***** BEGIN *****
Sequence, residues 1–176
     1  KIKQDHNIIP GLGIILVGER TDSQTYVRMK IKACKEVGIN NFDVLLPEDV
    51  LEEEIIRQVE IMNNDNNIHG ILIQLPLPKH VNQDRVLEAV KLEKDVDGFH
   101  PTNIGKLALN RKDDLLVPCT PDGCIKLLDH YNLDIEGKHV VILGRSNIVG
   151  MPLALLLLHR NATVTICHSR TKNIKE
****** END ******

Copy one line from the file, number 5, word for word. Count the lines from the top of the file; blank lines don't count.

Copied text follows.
   151  MPLALLLLHR NATVTICHSR TKNIKE